Oh yes, said the friend, nodding sagely. It still has to be believable.

And off they went, leaving me marveling in their wake about codes and spells and the power of one’s own mind to imagine the unimaginable, of idea-dust drifting through the atmosphere to settle upon whomever it chooses for bringing forth the story that wants to be told.

For, in a time and place when writing workshop is out of vogue and crafting responses to texts is essentially all the writing the present educational Powers That Be can imagine, what could be more magical than a child desiring to write a story for the sheer pleasure of it?

Nothing, I think. Nothing. It’s an ancient alchemy.

Go forth, young crafters.

Your stories await.

So do I.

So do we all.

John Steinbeck on Storytelling. Jill Clardy. CC BY-SA 2.0

*******

Special thanks to Two Writing Teachers for the weekly Slice of Life Story Challenge…supporting student writers starts with supporting teacher writers.

Essence experiment

My kindred-spirit-blogger-teacher-writer friend Lainie Levin had a fun post this week on a favorite exercise with young student writers: playing with suffixes added to your name, then coming up with a definition of the essence of you. Lainie calls this “nounifying yourself.” Here’s her suggested suffix list:

-itude
-ness
-ility
-age
-dom

-ity
-ship
-sion
-ance/ence

-al
-ation
-iety
-ment

Naturally I had to accept her invitation to compose (read more about her process and see fun student examples in her lively post, Word Play – thank you for this, Lainie!)

Frandom

The quality of maintaining a quiet inner realm despite the world’s clamor, where one’s thoughts are free to be one’s own; typically achieved through experiences with reading, writing, nature, and awe.

A drawing of me by my granddaughter last year: Franna in her Frandom?

‘How to be’ poem

Today on Ethical ELA Sheri Vasinda invites teacher-poets to compose “How to be” poems for VerseLove, in honor of National Poetry Month. The idea is to choose a topic, research it, list facts, and write a poem incorporating those facts in a Do/Do Not format. Sheri says students love this. Imagine their awe at seeing facts take on poetic form…and the power they find in it.

I’ve written of seahorses before; they fascinate me for many reasons. As a writer, the seahorse remains one of my favorite symbols.

How To Be a Seahorse

Don’t worry about being the slowest swimmer
in the sea;
just anchor your prehensile tail to long grasses
so that strong currents
don’t drown you

Don’t worry about your posture
being different from other fish;
let them be horizontal
you stay upright

Don’t worry about having no teeth
and no stomach
and no etiquette;
rejoice that your loud lip-smacking vacuum
enables you to eat constantly
so you can stay alive

Don’t worry about not having scales;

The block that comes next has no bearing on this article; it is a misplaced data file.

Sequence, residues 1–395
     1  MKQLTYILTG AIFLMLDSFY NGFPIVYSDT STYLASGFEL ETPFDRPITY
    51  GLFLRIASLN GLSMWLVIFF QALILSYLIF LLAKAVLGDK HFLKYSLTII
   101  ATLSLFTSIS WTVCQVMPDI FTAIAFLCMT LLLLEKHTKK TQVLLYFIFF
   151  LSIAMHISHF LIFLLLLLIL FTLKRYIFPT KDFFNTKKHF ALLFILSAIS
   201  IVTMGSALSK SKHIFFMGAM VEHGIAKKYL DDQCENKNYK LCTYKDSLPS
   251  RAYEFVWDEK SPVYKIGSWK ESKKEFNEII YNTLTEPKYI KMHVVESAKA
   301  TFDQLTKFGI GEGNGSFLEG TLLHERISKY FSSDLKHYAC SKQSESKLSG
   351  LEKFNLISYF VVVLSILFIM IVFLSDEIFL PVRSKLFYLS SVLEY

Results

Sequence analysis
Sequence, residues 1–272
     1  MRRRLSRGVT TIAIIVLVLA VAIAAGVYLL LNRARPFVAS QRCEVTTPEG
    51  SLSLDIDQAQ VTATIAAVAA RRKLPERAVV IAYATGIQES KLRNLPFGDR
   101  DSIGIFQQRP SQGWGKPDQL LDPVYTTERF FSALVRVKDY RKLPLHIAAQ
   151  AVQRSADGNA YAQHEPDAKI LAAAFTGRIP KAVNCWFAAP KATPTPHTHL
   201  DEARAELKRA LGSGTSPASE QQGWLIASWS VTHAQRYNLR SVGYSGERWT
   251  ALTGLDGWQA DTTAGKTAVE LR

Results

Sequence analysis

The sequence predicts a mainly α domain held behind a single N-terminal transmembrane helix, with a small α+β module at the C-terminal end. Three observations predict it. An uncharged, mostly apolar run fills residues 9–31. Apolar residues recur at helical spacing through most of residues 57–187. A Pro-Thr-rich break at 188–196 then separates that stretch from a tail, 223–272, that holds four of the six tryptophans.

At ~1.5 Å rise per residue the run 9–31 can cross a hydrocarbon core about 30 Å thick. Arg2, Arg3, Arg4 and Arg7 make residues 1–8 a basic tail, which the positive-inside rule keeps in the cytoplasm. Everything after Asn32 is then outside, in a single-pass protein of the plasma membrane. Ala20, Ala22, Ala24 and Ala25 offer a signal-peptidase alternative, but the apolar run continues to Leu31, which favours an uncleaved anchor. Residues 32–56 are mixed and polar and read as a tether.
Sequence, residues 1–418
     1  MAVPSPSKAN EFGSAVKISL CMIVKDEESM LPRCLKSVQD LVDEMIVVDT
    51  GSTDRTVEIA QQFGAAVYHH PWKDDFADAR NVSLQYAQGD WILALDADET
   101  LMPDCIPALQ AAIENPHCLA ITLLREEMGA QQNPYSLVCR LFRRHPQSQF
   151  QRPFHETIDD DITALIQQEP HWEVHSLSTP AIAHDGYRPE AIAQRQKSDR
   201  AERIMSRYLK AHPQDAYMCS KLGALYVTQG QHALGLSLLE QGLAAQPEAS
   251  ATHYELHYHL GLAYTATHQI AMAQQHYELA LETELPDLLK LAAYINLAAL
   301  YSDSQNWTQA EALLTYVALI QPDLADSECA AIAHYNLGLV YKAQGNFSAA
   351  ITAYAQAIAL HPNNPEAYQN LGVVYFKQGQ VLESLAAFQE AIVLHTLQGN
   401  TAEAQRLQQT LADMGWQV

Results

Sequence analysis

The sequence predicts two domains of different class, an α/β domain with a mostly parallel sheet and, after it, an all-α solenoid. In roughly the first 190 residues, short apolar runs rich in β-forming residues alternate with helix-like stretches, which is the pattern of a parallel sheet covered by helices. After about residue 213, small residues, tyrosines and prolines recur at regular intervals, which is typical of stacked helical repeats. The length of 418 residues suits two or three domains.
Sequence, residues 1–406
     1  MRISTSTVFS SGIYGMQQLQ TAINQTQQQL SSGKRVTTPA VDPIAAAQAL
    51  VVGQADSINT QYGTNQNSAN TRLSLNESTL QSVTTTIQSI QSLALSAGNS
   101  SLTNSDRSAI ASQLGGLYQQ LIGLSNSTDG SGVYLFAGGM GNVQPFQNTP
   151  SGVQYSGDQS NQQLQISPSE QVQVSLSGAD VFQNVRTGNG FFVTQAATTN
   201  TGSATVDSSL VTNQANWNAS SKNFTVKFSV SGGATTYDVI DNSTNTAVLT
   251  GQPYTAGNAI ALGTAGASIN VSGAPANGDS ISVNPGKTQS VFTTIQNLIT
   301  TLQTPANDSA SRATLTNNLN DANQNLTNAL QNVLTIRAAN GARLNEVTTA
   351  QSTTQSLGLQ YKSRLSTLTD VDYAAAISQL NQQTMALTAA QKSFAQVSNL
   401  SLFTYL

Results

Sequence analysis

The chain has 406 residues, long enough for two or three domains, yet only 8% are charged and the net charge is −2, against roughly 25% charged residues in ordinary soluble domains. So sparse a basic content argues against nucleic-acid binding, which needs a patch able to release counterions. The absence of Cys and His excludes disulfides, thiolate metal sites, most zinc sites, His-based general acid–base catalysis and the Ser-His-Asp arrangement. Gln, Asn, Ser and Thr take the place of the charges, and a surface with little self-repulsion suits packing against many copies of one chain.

wear your bony armor
with befitting chivalry

Don’t worry how other fish do it;
you find someone
you blush, you flush bright colors
you court for a few days
prim and proper
keeping apart at night
meeting again just after dawn
—ye who are males, step up
sacrifice your own time and energy
on behalf of your beloved
by carrying the babies for her
(even if there ARE 2000 of them)
-out of all the universe
you be Dad Extraordinaire

and commit
for life

Never mind—if you do—
that your scientific name means
“horse sea monster”
—just wonder, if only you can,
little Hippocampus
why your very likeness
is embedded deep
in the temporal lobe
of the human brain
as the central storehouse
for emotion
for learning
for the vast, rolling sea
of human memory.

You can’t worry about that, Seahorse.
Just keep rolling your eyes
in every direction
independently of each other
and swim
(if ever so slowly)
onward

*******

with special thanks to Two Writing Teachers for the weekly Slice of Life Story Challenge

Shoe poem

For VerseLove on Ethical ELA today, Andy Schoenborn invites teacher-poets to write “tumble down poetry” about shoes:

“For the small spaces they occupy, poems can cause writers to freeze. To break a poem free, try writing a paragraph or two of prose and, then, watch a poem tumble down with this process… today let’s write about shoes. Please take three minutes and write in prose about a pair of shoes that you’ll never forget… Once your paragraph is written, look for naturally occurring repetition, alliteration, striking images, and moments of emphasis fit for enjambments. Then play with the structure and form as a poem ‘tumbles down’ the page.”

It’s amazing, when you stop to think about it, how many shoe stories we have… this memory from long ago quickly overshadowed all others for me today.

Shoe Story

Fifth grade
studying mythology

the teacher says:
Now you will write
your own myth

sometimes myths
are about inventions
or journeys
or transformations